For my job this summer, I'm programming computers. (This news should surprise approximately nobody.) I don't know how I got started with computers to begin with, but I remember the moment when I knew I'd be a good programmer.

The math behind the Mandelbrot set involves complex numbers, but is actually simple to do. A complex number is a number of the form a + bi, where a and b are real numbers and i is the square root of -1. In other words, a complex number is a number that has both a “real” and an “imaginary” part. So it's sort of 2-D. Just like with x and y, you can plot complex numbers on a piece of paper by drawing two axes: one along the real number line, one along the imaginary number line. Just like with x and y, you can take an equation involving complex numbers and draw a graph of it.

Mandelbrot's math starts out from this familiar terrain. The equation to be graphed is z2 + c, where z and c are complex numbers. As with any function, you put a number in and get a number out. But for Mandelbrot's purposes, you don't plot that first result: you plug it back into the function, get a new result, and repeat again and again. If the result gets infinitely large, then the starting point isn't in the Mandelbrot set; otherwise, it's probably in. To get a good graph, you have to run every point of interest through this cycle. It turns out there are infinitely many points of interest. A computer sure would help.

We had a Mac Plus (born-on date: 1986). For computations it was very slow. It partly made up for this by having a very small screen. (Seriously, this significantly reduced the number of points to calculate.) My first program to graph the Mandelbrot set, following the algorithm described in all the books, took nine hours to run. Ouch.

I couldn't imagine that real researchers sat around waiting nine hours for each new graph. Quite possibly they were using better computers. I was stuck with mine. If I wanted faster turnaround time, I had to figure out a faster way to draw the graph.

I set to thinking, where is the slowness? The standard algorithm loops over every horizontal and vertical pixel on the screen. For each pixel, it does these repeated calculations. It takes less time to compute the pixels that aren't in the set (because you can stop when they're obviously going to infinity) than the pixels that are in the set. Wait a minute, the Mandelbrot set has a continuous border, and everything on the inside is in the set, and everything on the outside is out. So if I can trace along the border, I can skip calculating all the interior and exterior points. That'd speed things up. Great idea; can it be done? If I have some pixel that's on the border, I can check each of its eight neighbors and walk my way around. All I need is a well-defined starting point. Is there one? Sure, the point (1/4, 0) is precisely on the edge. Start there.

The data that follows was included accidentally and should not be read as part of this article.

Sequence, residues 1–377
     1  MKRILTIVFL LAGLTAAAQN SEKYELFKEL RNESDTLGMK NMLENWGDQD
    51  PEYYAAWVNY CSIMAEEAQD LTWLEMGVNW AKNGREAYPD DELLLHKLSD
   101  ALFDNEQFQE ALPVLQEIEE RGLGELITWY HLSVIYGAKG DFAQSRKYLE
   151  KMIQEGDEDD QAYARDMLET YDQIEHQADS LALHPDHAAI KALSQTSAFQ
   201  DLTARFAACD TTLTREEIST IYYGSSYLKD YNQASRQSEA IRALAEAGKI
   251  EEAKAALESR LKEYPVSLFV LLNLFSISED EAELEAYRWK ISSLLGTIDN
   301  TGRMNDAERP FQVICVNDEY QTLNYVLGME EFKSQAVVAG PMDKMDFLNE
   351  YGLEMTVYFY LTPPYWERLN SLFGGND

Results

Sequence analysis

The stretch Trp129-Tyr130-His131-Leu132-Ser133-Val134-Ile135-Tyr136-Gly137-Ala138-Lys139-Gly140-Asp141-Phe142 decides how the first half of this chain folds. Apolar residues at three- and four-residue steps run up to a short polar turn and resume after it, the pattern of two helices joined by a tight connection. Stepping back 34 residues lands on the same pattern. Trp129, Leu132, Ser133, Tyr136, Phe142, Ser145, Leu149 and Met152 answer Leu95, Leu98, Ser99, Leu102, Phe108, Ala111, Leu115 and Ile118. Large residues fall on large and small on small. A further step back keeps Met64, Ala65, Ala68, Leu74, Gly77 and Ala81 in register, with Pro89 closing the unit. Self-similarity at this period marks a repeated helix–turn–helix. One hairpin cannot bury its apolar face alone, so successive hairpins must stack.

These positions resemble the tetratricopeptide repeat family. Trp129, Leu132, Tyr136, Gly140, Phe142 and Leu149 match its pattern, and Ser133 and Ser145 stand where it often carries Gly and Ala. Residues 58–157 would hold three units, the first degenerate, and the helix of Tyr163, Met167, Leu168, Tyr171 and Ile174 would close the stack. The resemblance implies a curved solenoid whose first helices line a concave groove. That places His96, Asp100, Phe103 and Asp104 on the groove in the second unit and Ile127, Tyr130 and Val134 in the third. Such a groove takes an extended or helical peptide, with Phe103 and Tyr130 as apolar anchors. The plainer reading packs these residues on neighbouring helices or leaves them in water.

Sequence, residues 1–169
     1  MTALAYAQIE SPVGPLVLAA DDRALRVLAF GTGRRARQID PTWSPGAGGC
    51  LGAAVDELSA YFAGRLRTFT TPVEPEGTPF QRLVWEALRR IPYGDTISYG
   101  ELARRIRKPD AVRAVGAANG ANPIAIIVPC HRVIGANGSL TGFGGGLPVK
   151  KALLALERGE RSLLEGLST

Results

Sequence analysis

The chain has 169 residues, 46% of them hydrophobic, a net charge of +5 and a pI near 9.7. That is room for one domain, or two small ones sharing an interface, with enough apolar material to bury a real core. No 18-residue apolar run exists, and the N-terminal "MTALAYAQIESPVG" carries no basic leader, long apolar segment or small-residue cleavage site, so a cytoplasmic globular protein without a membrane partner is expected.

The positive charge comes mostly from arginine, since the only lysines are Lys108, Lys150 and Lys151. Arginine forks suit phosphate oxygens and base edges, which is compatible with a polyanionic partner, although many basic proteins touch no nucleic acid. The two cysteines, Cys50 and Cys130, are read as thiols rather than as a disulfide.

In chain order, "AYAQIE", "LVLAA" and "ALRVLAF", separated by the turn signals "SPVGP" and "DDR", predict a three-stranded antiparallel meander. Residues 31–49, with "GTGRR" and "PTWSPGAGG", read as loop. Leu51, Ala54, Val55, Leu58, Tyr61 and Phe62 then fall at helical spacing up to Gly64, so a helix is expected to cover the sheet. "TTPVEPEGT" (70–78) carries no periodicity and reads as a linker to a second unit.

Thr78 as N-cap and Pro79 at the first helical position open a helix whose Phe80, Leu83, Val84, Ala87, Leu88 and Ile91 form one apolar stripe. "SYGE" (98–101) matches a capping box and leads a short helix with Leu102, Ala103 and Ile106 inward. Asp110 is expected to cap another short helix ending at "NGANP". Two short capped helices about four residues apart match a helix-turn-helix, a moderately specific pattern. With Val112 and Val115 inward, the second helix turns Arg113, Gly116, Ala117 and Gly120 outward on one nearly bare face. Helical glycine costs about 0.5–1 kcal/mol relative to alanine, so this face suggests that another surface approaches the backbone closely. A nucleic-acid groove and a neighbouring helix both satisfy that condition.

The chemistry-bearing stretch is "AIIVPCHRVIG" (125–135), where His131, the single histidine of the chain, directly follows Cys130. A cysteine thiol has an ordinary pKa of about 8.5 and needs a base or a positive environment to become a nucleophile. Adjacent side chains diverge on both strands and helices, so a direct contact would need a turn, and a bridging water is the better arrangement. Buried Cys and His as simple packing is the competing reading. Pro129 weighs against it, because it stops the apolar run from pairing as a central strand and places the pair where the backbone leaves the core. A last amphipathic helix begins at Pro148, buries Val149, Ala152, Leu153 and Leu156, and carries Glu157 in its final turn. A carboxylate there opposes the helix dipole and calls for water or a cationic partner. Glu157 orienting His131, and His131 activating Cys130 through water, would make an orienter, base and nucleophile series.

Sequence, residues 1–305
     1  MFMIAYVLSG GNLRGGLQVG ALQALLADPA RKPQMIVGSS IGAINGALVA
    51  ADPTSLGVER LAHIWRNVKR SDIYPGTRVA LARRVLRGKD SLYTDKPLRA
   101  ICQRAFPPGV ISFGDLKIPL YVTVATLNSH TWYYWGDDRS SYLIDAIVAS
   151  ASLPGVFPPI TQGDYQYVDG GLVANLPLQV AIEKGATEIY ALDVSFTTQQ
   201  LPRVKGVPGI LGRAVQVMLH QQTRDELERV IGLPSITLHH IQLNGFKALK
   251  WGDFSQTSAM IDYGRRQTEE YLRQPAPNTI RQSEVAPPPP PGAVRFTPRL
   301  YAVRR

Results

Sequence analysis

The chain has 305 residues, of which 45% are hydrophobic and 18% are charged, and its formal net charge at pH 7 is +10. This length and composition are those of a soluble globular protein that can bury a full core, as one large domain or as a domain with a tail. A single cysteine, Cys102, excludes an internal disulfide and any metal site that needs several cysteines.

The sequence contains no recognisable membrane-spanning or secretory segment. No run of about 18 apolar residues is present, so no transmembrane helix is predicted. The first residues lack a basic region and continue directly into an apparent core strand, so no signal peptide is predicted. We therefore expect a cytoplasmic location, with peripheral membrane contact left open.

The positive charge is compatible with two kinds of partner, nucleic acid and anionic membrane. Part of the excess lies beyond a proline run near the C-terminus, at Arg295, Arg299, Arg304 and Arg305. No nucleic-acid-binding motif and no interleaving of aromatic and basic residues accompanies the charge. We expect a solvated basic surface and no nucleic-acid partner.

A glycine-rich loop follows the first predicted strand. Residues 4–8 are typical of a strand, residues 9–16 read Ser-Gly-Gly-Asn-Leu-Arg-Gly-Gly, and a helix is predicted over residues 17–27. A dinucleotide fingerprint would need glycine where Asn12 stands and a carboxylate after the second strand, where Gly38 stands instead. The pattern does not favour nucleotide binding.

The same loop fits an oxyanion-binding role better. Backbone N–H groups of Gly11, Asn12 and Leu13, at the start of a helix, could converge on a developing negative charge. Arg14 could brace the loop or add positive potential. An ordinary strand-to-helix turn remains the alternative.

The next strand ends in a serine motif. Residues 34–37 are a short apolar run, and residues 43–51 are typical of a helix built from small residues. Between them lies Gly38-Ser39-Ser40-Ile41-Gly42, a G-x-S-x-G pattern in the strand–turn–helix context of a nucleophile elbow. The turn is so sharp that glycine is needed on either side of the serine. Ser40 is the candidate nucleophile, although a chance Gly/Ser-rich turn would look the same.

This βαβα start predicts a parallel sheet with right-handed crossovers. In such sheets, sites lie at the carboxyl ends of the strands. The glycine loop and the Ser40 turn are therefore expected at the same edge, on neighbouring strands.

Holy crap, is that all there is to it? My algorithm was so simple that it couldn't possibly work. But why not? I frantically rewrote the code and ran it. The first point was plotted immediately. Then another. And another. And another. I watched agape as it made its way around that familiar outline. My new program drew the Mandelbrot set in a watchable twelve minutes.

A 45x speedup was more than I'd hoped for; exactly what I'd wanted; and accompanied by the realization that by doing my own thinking, I'd outsmarted the literature. No two ways about it, I belonged in this field with these guys. Of course, learning how and when to reuse other people's code came much later.